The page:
Look, we all have different methods. Don’t judge.

Getting through the Slog is not easy. But once I finished a couple novels, both the Hole and the Slog became parts of a process instead of “OMG I am never going to f!cking finish this f!cking thing.” It was a small, crucial, welcome shift in my working attitude. Each time, if I just endured through the Hole and the Slog, I would reach the Burn.

The Burn is the point where a story comes together and my writing sessions become subjectively shorter but objectively longer. I’ll sit down one morning and wake up hours later, blinking and needing the loo pretty badly. I have to remind myself to eat–I’ll sometimes feed the kids and go back to the computer, and wonder why I’m hungry hours later–and force myself to do other maintenance-y type things, like washing myself. I start working at white heat, even faster than during the Explosion phase. All my energies are brought to bear on one single point.

The Burn is, like the Explosion, pure creative crack. But it’s the kind of rush I associate with exercise–a full-body endorphin rush from effort instead of the Explosion’s more passive, cerebral high.

Generally the wordage that comes out during the Burn is very clean and lean, and doesn’t require a lot of editing/revising. Once again I have a head full of story, I almost resent anything that pulls me away from working. I put in marathon sessions–my very high wordcount days are almost always during the Burn. Everything in the book just comes together, including things I’d written earlier that I had no earthly clue how they were going to turn out.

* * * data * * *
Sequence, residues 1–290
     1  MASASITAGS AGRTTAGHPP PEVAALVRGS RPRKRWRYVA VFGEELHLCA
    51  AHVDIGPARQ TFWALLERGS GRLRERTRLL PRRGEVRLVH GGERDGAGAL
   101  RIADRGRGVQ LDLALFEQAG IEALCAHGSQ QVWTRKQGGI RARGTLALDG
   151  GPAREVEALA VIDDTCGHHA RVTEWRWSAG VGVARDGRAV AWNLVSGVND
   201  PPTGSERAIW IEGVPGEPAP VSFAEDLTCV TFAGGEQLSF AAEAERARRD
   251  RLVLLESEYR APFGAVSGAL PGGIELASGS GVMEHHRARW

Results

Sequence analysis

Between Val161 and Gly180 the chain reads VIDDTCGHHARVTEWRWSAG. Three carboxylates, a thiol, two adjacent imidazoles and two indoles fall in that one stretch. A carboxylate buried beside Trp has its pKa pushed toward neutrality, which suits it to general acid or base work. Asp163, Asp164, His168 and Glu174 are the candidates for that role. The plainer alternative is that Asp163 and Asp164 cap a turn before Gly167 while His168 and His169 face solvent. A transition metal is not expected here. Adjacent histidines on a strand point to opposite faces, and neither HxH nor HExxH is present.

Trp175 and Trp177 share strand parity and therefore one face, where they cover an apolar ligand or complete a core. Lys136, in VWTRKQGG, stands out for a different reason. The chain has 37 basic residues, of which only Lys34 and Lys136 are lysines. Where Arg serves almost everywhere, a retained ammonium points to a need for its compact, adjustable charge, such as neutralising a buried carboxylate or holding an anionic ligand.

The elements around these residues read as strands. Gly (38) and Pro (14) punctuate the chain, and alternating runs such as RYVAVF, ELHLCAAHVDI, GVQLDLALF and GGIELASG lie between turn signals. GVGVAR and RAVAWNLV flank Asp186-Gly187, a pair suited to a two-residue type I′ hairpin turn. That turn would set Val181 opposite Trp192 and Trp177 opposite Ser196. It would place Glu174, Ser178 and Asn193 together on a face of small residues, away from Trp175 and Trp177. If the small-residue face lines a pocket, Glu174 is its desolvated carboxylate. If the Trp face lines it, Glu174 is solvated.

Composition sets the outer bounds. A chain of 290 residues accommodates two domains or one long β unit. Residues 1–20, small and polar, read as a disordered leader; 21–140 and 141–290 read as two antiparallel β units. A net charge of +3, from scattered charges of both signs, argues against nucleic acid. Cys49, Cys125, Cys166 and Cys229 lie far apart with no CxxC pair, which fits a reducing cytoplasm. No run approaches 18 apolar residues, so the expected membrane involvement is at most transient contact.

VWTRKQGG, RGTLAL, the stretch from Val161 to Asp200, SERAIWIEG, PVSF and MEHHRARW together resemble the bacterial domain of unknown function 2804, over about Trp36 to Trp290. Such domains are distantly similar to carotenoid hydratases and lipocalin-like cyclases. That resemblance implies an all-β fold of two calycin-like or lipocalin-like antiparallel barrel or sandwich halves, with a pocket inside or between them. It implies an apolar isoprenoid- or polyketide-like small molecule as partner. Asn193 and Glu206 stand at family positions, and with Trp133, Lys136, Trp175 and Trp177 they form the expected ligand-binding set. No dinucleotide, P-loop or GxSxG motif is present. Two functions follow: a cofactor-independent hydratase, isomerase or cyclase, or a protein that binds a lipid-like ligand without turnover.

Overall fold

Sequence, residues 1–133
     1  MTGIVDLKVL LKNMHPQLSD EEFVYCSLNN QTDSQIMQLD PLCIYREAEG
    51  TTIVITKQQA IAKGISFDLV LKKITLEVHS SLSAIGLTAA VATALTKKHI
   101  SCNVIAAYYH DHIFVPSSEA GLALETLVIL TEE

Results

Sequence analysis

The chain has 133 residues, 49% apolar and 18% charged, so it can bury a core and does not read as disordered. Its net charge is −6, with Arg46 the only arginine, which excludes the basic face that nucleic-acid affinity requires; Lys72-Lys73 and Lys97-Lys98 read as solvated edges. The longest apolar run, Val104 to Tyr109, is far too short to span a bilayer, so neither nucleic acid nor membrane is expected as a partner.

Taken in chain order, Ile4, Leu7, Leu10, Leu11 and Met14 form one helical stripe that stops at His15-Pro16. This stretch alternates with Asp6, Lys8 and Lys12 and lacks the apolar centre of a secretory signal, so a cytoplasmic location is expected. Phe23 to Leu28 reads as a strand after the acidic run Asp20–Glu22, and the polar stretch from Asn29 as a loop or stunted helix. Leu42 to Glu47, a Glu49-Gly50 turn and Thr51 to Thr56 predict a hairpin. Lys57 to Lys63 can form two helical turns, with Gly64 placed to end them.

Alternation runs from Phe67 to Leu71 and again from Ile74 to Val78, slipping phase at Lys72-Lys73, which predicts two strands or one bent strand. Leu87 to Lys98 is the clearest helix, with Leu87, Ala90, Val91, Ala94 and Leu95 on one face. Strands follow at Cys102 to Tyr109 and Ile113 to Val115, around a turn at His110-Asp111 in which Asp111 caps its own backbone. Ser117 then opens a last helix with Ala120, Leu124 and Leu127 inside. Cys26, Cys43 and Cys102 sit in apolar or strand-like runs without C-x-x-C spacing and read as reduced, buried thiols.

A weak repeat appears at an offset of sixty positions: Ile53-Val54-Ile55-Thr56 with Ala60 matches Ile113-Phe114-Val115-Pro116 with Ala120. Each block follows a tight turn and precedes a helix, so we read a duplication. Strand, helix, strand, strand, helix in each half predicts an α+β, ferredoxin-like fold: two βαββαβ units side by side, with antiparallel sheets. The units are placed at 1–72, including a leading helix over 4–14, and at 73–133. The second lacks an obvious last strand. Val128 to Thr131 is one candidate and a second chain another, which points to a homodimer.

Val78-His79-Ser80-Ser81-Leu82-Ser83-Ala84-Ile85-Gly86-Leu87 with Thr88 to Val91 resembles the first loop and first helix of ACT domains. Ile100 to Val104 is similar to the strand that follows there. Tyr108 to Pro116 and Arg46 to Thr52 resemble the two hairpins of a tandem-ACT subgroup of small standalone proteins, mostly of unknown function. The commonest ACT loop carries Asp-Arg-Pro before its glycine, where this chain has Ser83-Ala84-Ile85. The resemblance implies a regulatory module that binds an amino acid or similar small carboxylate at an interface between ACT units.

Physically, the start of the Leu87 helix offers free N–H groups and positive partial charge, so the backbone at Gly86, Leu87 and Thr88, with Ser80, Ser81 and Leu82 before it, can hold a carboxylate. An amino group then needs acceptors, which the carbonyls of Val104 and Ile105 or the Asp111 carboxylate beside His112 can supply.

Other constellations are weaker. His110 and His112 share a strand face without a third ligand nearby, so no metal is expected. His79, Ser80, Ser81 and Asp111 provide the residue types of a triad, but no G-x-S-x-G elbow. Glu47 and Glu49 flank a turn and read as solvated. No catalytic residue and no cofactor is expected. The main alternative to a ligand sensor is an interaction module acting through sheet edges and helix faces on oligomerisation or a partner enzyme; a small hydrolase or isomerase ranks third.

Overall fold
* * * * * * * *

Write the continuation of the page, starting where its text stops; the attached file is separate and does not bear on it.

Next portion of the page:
The closest thing I’ve ever seen to a visual representation of the transition between Slog and Burn is the classic domino scene from V for Vendetta. Suddenly everything just…clicks over. I finish the book at a gallop, and the flywheel inside my head is suddenly spinning wildly, all that ramped-up energy with nowhere to go. (This is why a recovery period is so necessary for me after each book; I have got to let that flywheel slow down or it will start smoking and sparking. Not a happy cupcake. But that’s a different post.)

This is why I say it’s critical to get into the habit of writing every day and also critical to finish a couple books before you give up on writing. The habit of writing will pull you through the Hole and the Slog; once you’ve finished a couple books you will have a much clearer idea of your own process that will help make the slogging parts of that process more manageable. The “huh, I’ve done this before” is a razor-thin margin, but sometimes it’s enough space to get a handle on the entire goddamn book so you can beat it to death. (It’s not quite as violent as I make it sound. (I’m just in the Hole part of a short story today. It makes me cranky.)

It does not get easier, per se. But knowing your own process at least places the Hole and the Slog in perspective and makes them more manageable. And really, some days “more manageable” is all one can hope for.

Over and out.